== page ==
2009 Fall External Programs South Africa

Groove to Move

 By Vanja Pejic

Children from the Linawo Children’s Home in Cape Town, South AfricaAfter weeks of planning, organizing the venue, getting the DJ, collecting donations, and marketing the event, it was finally time to make the dream come true and raise money for the Linawo Children’s Home.

About a month ago, I had an opportunity to spend a day with the children from Linawo Children’s Home in Cape Town, South Africa. An orphanage with 16 children, ages 5 month to 13 years old that was forced to move out of their existing home due to funding. Because of this circumstance, their only choice was to move into a one room dilapidated house with no indoor plumbing, ceiling that is ready to collapse, lack of electricity, clean water, bed space but most importantly little space for children to be children. However, no matter how bad things got, these 16 children were the most joyful, loving, caring group I have ever met. Soon after meeting them, I knew that I had to help them in any way I could. After speaking with the Linawo Children’s Home director, she informed me that while they did find a new home for the children to move into, Linawo did not have enough funding to buy the home. News, of this broke my heart, but more importantly it triggered me to do something to help these 16 beautiful children in any way I knew how.

After going home that day, my roommates and I decided that we wanted to play a part in buying a new home for the Linawo Children. After a couple meetings with various venues and donors, “Groove to Move” came to life; a fundraiser at a local bar/restaurant in Cape Town that would collect money through entrance ticket, raffle and local donations. Goal of “Groove to Move” was to raise as much money as we can by encouraging both Study Abroad students as well as University of Cape Town students to attend our event.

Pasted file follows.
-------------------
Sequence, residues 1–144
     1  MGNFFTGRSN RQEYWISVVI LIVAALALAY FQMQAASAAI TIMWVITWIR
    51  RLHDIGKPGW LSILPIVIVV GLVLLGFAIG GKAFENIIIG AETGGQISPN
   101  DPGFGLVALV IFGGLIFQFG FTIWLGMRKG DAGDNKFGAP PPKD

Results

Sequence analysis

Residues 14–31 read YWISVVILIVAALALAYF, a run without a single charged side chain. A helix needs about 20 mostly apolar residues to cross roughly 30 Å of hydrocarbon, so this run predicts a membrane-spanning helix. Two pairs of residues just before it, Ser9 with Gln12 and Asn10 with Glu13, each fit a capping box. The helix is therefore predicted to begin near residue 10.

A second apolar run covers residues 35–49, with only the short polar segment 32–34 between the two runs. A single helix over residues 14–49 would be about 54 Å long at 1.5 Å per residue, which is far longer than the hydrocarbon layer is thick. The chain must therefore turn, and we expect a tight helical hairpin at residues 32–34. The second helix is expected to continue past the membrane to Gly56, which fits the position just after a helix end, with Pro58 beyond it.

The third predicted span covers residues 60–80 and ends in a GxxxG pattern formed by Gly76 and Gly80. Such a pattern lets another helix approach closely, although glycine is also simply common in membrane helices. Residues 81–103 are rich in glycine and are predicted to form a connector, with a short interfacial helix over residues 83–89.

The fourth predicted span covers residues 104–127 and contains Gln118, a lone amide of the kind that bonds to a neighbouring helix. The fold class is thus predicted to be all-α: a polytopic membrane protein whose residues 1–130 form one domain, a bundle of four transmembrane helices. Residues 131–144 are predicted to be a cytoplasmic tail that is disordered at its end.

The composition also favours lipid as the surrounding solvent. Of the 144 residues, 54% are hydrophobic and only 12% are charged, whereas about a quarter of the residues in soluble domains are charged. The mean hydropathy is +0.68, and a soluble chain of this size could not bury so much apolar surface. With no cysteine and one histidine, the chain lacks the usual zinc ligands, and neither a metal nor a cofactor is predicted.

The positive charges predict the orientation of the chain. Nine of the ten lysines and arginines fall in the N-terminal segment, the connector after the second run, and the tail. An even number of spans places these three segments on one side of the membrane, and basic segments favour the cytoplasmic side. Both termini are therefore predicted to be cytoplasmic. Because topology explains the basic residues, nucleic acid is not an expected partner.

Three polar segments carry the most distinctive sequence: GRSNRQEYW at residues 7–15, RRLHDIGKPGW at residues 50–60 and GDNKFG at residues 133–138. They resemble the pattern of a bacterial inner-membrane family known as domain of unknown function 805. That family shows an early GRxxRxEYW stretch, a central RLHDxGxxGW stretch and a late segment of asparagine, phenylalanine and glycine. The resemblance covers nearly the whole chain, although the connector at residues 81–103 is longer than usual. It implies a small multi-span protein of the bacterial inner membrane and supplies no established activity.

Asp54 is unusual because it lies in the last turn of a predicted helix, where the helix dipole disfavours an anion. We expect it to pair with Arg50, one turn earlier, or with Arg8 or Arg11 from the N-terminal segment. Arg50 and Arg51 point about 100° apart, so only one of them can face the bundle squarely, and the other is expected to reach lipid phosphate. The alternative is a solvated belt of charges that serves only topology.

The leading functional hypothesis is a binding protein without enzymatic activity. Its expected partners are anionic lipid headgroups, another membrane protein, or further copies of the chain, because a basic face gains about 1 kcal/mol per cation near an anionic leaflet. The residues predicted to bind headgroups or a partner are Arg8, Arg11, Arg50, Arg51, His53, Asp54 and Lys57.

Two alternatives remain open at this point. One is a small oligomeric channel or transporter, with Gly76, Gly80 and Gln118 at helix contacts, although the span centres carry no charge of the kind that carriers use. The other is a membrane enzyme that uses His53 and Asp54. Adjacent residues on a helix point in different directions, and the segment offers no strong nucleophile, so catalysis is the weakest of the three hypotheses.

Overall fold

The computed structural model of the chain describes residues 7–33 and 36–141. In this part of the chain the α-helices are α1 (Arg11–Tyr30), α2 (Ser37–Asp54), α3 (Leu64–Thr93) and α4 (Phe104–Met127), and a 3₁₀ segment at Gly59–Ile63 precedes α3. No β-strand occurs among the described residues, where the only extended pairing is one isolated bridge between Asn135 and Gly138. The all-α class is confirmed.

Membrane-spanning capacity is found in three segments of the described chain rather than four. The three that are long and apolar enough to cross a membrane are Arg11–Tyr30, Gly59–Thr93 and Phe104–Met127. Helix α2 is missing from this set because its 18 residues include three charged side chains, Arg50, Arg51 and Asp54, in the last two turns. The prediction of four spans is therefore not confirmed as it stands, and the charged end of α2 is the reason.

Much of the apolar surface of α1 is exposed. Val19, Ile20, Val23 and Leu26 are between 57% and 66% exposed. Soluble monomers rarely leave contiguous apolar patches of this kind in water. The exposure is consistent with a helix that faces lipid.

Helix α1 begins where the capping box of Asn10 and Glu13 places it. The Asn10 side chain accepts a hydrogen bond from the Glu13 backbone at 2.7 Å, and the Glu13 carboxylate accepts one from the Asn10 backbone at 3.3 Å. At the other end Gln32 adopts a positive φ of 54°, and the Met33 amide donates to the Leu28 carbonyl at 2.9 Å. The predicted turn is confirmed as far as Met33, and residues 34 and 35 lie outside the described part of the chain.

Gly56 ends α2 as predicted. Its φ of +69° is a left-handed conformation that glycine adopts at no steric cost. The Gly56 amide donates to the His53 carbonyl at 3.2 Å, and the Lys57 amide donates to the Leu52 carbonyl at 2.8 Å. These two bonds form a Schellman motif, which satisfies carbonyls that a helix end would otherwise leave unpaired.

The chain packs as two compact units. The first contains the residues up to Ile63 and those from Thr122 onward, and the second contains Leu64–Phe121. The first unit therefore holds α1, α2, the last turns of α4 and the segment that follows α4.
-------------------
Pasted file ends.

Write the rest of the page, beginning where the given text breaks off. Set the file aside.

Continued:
Groove to Move FlyerFinally, after all the planning the night was an absolute success! Music, food and atmosphere all came into place! We not only had Study Abroad students attend, but other University of Cape Town students as well as local Cape Tonians. While our main goal was to raise as much money as we can for the Linawo children, it was just as exciting to see over 200 people from different backgrounds, cultures and lifestyles came together for this one night. Furthermore, not only were we able to raise money, but raise awareness for homes like Linawo that are struggling to stay open and have little means of supporting over 2 million children that are orphaned in South Africa.

Our $1000, or some R10, 000 will not buy the Linawo children a new home, however it will play a small role in helping them get one step closer to having clean water, indoor plumbing, individual beds and a place to call home. More importantly it gave us, Study Abroad students from all across the world as well as local students an opportunity to come together for one night and together make a difference. This experience will forever be one of my proudest moments and I cannot wait until the day when the children move into their new home!

**News update, while it has been months since our event was organized, a new group of study abroad students has come together to raise money for Linawo Children Home. The tradition continues! : )

1 comment

  1. There seems to be a great number of needy kids in South Africa and beyond. Adoption and fostering would seem a very good way of allowing kids without families to experience life within a loving family enviroment. Unfortunately this is the least explored avenue of our times. Why would this be the case.

Leave a Reply

Fill in your details below or click an icon to log in:

WordPress.com Logo

You are commenting using your WordPress.com account. Log Out /  Change )

Google photo

You are commenting using your Google account. Log Out /  Change )

Twitter picture

You are commenting using your Twitter account. Log Out /  Change )

Facebook photo

You are commenting using your Facebook account. Log Out /  Change )

Connecting to %s

This site uses Akismet to reduce spam. Learn how your comment data is processed.

%d bloggers like this: